Though the individual days of parenting small children can seem oh so very long, the time we really have with our children as children races by at a mind-numbing speed. One minute we're worrying if they're ever going to take their first steps, and the next they're dancing around, singing along with Taylor Swift about how they're never, ever, ever getting back together with some guy at the top of their 4-year-old lungs, causing their mother to flash-forward to the dating years with panic.
So when I step back and think about the most important qualities I want to try to help instill in my children during this brief period I have raising them, there's one thing that constantly comes to the top of my list -- self-esteem. If nothing else, that's the one thing I think will help them most in life -- that ability to believe in themselves, to have the confidence to embrace who they are, and the strength to explore the world with passion.
But how does a parent help foster that important trait? Especially when we may feel that our own self-esteem is not always the strongest? I caught up with Nancy S. Buck, PhD, president and founder of Peaceful Parenting Inc., to get some tips to help build self-esteem in children, and her advice was surprising ... and quite simple, really.
She said the most important tip she can offer parents to help grow their child's good self-esteem is to ask questions.
"Parents can add information upon which the child may be able to give a better and more accurate self-evaluation," Buck said. "When parents ask their children to focus on their own skills and abilities and accomplishments, self-esteem becomes an inside job."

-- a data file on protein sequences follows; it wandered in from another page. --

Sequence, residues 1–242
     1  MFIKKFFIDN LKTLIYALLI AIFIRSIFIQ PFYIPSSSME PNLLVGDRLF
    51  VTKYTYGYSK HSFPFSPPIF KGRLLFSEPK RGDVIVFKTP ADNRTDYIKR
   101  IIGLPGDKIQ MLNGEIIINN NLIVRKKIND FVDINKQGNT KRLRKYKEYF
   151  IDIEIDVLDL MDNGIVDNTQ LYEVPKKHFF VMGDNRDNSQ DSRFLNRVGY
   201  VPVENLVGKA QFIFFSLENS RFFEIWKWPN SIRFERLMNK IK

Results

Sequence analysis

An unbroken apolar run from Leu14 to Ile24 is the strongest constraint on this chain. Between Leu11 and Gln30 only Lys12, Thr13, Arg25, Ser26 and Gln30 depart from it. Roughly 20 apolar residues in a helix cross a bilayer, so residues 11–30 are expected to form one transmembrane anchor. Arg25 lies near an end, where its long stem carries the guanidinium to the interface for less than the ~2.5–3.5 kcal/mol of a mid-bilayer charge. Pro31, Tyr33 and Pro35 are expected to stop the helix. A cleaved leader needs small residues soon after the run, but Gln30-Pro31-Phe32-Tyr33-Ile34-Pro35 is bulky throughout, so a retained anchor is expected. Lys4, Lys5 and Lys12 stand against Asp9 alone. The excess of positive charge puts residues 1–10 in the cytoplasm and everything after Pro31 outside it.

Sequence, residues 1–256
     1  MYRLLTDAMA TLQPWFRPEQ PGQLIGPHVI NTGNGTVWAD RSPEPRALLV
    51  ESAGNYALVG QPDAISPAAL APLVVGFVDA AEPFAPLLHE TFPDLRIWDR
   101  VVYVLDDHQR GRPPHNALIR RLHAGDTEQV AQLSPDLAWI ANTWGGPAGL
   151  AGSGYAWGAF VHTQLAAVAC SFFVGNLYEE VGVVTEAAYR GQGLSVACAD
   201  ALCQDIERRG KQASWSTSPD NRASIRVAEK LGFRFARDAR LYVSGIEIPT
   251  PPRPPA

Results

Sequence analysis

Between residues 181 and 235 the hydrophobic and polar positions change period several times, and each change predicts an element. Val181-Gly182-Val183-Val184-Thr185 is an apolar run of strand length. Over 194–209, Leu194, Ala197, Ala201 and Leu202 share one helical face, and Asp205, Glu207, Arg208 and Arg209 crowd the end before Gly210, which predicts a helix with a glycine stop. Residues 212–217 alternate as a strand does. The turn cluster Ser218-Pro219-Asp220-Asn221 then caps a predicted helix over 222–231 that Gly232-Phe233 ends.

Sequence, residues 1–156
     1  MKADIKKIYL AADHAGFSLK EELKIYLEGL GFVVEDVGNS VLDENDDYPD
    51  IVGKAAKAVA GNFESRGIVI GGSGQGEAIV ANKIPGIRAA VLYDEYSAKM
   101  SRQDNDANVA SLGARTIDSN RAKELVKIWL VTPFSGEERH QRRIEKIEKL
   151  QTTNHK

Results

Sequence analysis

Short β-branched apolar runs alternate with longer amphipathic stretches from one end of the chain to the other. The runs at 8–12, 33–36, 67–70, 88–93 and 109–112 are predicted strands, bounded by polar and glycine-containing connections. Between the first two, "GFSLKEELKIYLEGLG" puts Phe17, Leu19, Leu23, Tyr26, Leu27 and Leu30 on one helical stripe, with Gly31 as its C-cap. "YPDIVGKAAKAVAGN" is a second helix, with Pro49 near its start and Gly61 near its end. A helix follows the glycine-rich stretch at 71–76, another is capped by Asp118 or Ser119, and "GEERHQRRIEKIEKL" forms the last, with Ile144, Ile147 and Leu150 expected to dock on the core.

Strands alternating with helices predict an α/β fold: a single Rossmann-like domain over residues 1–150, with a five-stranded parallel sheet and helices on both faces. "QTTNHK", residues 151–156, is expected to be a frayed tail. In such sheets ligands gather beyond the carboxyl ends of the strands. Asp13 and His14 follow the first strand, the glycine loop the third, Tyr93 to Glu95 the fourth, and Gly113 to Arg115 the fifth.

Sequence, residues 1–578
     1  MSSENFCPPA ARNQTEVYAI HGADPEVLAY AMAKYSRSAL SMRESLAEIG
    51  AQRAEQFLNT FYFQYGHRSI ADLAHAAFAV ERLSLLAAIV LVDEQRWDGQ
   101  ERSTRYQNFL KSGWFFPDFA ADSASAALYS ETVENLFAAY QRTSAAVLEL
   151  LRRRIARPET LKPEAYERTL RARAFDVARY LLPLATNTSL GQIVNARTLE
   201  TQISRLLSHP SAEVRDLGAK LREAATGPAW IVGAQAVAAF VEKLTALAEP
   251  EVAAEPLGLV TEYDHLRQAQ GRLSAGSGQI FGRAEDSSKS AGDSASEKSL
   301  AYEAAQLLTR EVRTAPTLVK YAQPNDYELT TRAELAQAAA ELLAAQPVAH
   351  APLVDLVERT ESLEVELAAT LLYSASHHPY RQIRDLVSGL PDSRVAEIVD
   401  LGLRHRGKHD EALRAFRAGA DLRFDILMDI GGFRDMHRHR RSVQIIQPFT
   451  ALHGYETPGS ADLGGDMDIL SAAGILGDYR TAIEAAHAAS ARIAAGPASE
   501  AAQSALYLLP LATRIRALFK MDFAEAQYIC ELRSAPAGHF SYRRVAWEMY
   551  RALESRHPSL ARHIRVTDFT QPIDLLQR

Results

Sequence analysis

Here she offers three specifics for children ages 18 months to 5 years of age:
1. If your child is concentrating on a certain skill through play, parents can ask, “I see you are playing with your car. Are you able to make it go fast? What kind of driver are you?”
2. When your child is getting ready to sit for a meal, a parent can ask, “What do we do before we sit at the table?” If the child answers, agree and compliment on good remembering to get ready for a meal. If the child doesn’t remember, the parent can simply say, “We go to the bathroom, then wash our hands. Remember?” As you consistently highlight the routine, eventually your child will remember. Then you can give a compliment on their remembering. Eventually you can begin to ask, “What kind of a rememberer are you when getting ready for a meal?” (This tip can be done around other regular and routine daily living tasks, like: bedtime routine, nap routine, getting dressed routine, getting ready for bed routine, getting out the door for whatever the daily schedule brings.)
3. At the end of the day when you are tucking your child into bed, ask, “What did you do today that makes you feel especially proud?” After the child answers, or if they don’t answer at all, you can name one thing. Be as specific as possible. Like, “I was proud that you put your coat on when I asked so we could go outside for our walk.”
How do you help build self-esteem in your children?
Image via Julie Ryan Evans